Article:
Quebrada de Cafayete
26.02.2011 - 27.02.2011
Argentina is vast and that means many bus rides for many hours just to travel a piece of the North West. The views are stunning and the roads teeter on the edge of mountains constantly battered by the changing weather conditions. These nail biting, photogenic jounreys pass by swiftly. We have so far moved from Mendoza through to Tafi del valle and on to Cafayate. Tafi Del Valle is 2000 or so meters above sea level and is a very traditional village surrounded by lush green mountains. Its a place very popular with rich Argentines, who come here for shopping and trekking so meals and atrisan items command a price. Our spanish wasn´t quite up to scratch to figure out exactly what there was to do there - the lady at our rustic hostel gave us a trekking map and I understood that there one route that went to a lake and one route was not recommended. As we couldn´t work out which one was which we settled for catching up on the blog. It was raining heavily anyway... After one night we moved on to Cafayate, another region famed for wine and cheese.
We are once again staying at a lovely hostel (did I mention Chimbas Hostel in Mendoza? Lovely courtyard and rooms and BBQ). This is similar (Rusty-Ks Hostal) a big courtyard with vines hanging over the seating areas, a large BBQ area and well decorated rooms - all in traditonal Argentine style. There are rooms dotted around the courtyard which look really cosy, they have their own bathroom etc, we move into one of those today. Yesterday we managed to organise a tour to ´Quebrada de Cafayete´in English with a guy from the hostel. Quebradar literally means "to break" and the Quebrada is a huge canyon just a few Kms from the town. There´s cacti everywhere and everything turns suddenly dessert like and gargantuous. Wandering and clambering through the canyon we saw lizards, dung beetles and stick insects. The rocks are shaped like different things, a toad, a monk and a train. We climbed to a peak for an amazing view of the surrounding canyon, one of those typical travelling photos: 2 people standing on a peak up high with nothing for miles and miles but desert and red rock. I´m glad we got that shot.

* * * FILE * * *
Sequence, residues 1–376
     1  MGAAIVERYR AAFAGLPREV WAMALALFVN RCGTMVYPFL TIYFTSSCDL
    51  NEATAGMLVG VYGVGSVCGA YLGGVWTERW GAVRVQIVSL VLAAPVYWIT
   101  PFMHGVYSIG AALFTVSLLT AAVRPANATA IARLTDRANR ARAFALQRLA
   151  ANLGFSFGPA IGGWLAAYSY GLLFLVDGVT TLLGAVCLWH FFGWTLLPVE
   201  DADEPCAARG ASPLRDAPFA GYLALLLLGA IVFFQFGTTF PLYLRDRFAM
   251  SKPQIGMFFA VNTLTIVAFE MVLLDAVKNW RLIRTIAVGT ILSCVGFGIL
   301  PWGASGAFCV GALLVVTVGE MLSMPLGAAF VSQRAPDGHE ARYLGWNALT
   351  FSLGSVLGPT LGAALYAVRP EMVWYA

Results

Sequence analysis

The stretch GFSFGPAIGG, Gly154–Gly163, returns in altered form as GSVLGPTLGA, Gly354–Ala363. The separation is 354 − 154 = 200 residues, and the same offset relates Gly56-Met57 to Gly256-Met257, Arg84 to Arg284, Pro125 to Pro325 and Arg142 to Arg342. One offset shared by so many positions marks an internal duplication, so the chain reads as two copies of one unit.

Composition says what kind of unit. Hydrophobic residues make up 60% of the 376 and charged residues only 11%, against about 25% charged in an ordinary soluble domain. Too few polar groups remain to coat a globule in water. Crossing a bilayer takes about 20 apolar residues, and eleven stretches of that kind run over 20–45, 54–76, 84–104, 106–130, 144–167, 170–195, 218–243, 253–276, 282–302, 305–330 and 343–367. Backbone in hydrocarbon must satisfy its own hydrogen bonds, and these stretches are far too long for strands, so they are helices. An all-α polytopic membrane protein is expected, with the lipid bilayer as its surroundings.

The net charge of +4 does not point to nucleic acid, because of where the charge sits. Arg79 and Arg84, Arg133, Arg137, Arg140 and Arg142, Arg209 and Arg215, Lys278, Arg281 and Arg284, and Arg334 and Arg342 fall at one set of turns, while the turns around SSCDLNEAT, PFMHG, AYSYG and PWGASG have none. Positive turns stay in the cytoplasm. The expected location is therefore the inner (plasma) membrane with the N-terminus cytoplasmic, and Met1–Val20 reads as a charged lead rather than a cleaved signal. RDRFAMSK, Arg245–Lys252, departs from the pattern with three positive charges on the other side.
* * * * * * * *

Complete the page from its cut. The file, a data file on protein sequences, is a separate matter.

As we walked around our proud guide kept asking us if we liked his country, his tour, the canyon, we nodded a lot and answered very postively in our best spanglish. At one point I told him the place made me feel very small. ´Yes,´ he replied, ´You are nothing in this world´. Looking around at these ancient structures, grown over millions of years without any heed or need of me, I had to agree; he had a point.